s met above her feet--crossed the park, and reached the rabbit warren, where the chalk breaks through the thin dry turf, and the wild thyme grows thick.
A may bush, overhanging a little precipice of chalk, caught her eye. A wild rose was tangled round it. It was, without doubt, the most difficult composition within sight.
"I will sketch that," said Eighteen, confidently.
For half an hour she busily blotted and washed and niggled. Then she became aware that she no longer had the rabbit warren to herself.
"And he's an artist, too!" said Betty. "How awfully interesting! I wish I could see his face."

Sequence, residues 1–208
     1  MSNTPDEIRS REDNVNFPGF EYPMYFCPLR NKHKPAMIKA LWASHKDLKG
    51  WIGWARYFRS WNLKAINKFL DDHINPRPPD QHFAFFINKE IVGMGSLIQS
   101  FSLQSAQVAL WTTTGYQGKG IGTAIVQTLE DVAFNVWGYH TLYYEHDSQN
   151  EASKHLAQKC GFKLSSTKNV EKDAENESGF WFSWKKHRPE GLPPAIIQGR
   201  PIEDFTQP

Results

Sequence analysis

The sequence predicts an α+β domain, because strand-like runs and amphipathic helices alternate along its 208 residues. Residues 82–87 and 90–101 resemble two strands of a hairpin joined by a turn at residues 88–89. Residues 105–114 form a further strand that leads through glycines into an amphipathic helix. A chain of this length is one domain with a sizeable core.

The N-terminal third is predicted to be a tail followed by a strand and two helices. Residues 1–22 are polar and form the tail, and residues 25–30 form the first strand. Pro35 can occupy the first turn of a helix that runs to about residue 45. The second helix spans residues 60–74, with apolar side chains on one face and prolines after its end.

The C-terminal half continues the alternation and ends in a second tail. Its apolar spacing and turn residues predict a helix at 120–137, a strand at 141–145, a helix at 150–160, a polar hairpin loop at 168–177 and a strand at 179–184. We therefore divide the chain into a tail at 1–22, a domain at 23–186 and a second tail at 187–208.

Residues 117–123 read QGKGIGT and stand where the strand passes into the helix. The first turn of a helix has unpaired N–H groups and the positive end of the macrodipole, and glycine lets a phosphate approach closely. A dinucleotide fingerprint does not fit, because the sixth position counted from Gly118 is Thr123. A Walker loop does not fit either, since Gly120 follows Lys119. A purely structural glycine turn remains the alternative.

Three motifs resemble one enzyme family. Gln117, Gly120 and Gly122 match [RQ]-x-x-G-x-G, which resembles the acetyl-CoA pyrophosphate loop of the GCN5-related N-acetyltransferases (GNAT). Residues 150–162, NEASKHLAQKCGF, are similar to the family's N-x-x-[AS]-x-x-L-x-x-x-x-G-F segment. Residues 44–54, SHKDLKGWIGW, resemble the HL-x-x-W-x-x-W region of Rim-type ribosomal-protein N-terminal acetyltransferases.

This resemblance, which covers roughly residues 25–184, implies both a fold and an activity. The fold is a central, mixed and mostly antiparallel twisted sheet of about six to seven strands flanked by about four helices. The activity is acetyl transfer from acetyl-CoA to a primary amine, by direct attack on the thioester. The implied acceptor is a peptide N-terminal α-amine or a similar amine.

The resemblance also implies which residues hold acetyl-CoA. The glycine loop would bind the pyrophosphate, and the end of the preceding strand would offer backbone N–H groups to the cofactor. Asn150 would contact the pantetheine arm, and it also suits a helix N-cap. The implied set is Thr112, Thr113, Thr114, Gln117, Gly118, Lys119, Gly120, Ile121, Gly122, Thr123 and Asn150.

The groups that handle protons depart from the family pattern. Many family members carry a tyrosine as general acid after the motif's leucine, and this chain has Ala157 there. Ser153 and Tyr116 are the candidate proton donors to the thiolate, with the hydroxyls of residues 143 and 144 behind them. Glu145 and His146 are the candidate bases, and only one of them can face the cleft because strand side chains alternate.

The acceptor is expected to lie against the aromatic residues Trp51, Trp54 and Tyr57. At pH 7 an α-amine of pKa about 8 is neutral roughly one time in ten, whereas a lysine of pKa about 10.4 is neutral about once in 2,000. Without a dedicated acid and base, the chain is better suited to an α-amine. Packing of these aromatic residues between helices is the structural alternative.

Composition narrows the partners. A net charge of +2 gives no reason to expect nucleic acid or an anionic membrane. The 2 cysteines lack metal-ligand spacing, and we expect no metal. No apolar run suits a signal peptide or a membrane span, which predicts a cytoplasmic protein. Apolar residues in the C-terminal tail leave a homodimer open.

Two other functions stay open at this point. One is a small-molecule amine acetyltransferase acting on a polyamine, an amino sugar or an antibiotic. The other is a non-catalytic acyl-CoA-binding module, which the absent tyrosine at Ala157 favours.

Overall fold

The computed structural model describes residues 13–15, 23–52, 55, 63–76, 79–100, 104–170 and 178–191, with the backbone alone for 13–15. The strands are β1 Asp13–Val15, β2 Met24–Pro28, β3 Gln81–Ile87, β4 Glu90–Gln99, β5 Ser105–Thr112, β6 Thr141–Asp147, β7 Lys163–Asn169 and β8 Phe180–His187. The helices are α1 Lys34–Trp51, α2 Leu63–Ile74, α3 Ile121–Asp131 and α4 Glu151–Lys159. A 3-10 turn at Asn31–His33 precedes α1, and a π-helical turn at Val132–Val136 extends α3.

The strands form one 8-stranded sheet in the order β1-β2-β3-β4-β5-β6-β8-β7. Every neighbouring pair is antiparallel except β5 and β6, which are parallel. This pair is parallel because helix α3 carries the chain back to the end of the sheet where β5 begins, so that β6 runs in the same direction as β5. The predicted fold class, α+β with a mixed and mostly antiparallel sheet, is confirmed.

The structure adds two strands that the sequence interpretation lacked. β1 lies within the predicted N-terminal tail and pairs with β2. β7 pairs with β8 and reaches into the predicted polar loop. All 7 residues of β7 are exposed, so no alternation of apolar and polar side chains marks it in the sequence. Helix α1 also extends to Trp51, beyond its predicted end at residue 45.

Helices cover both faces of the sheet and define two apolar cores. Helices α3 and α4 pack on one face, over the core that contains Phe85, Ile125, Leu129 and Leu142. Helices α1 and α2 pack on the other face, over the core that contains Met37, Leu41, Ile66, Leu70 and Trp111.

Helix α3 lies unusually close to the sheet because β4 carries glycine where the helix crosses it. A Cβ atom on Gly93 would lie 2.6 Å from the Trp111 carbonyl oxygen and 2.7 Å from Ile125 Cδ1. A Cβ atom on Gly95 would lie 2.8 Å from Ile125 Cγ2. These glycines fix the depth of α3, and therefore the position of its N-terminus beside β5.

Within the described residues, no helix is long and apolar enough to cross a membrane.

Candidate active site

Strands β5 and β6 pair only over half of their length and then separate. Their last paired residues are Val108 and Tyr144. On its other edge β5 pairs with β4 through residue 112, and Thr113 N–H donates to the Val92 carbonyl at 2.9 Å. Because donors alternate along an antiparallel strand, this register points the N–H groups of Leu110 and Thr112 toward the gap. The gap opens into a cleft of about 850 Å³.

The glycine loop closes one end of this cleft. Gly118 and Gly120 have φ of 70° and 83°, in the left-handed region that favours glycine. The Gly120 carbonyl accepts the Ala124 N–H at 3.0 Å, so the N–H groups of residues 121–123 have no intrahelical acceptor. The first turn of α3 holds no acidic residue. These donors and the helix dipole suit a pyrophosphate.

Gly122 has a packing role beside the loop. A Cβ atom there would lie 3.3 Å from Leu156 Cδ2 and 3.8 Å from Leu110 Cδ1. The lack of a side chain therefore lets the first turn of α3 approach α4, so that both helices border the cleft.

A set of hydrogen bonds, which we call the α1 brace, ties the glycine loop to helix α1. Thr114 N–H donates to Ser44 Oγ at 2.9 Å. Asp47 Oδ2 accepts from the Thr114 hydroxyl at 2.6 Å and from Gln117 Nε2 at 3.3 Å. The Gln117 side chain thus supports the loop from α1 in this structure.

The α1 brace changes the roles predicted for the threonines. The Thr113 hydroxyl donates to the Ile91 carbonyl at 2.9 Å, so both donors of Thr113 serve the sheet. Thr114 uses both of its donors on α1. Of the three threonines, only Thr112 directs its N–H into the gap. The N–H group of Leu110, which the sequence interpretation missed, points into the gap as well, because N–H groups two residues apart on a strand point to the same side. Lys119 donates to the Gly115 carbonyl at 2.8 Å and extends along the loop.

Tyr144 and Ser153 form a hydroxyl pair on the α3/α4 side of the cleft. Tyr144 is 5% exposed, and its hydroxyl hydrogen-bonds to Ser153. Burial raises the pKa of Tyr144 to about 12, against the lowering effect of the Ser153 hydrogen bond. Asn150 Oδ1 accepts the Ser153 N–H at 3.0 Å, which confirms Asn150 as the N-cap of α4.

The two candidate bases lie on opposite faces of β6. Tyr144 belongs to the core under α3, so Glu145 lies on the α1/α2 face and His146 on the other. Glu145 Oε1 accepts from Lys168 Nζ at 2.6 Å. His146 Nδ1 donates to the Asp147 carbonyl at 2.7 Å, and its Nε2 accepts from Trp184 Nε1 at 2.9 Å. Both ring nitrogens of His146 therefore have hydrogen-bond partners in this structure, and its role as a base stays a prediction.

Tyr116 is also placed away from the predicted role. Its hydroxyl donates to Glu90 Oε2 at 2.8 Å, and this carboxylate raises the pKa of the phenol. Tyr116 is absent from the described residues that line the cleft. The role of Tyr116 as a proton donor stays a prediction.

But this his slouched Panama forbade. He was in white, the sleeve and breast of his painting jacket smeared with many colours; he had a camp-stool and an easel and looked, she could not help feeling, much more like a real artist than she did, hunched up as she was on a little mound of turf, in her shabby pink gown and that hateful garden hat with last year's dusty flattened roses in
This romance follows sappy young Betty, a would-be artist, through her first love -- with an engaging but not overly scrupulous painter. It lacks the charm of Nesbit's stories for young people and comes to a predictable, socially acceptable conclusion, but the writing is clear, the story moves along and the descriptions of turn-of-the-century Paris add interest.